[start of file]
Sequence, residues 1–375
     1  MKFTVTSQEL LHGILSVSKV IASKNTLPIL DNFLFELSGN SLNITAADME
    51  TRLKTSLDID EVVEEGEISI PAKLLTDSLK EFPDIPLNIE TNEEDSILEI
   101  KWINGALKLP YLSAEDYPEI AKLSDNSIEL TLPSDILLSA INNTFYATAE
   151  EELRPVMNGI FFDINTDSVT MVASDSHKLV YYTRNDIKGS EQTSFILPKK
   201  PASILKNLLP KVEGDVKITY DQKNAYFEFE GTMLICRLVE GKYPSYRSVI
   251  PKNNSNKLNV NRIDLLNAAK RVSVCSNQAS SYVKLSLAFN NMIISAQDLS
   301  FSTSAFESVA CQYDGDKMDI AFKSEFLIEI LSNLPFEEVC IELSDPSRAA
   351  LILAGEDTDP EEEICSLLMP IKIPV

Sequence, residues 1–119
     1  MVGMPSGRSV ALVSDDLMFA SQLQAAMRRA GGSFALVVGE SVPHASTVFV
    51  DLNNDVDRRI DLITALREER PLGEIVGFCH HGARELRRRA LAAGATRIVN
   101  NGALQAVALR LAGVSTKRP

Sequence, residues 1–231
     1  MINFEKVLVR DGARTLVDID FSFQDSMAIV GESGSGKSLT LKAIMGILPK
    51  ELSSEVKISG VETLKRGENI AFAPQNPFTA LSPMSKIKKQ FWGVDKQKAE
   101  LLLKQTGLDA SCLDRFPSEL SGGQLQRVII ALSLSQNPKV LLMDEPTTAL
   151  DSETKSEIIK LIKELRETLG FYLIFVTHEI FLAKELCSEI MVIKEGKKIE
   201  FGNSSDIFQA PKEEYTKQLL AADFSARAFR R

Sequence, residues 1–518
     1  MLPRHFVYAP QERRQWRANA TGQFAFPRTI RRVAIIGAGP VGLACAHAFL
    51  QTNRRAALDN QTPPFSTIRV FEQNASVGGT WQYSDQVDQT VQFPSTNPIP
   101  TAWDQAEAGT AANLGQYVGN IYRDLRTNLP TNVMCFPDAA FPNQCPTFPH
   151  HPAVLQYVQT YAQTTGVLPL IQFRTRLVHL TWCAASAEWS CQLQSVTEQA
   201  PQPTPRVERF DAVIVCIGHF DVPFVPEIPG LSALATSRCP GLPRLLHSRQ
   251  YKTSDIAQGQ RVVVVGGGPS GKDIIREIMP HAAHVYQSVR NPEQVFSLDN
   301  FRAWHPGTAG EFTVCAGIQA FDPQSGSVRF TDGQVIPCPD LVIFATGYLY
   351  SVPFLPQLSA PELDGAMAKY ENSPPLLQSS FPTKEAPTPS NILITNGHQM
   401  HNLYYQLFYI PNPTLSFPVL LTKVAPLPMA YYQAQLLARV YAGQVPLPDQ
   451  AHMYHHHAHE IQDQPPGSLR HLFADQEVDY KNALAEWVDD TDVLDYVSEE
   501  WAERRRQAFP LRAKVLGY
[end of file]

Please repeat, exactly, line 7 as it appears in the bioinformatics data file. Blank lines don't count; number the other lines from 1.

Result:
   251  PKNNSNKLNV NRIDLLNAAK RVSVCSNQAS SYVKLSLAFN NMIISAQDLS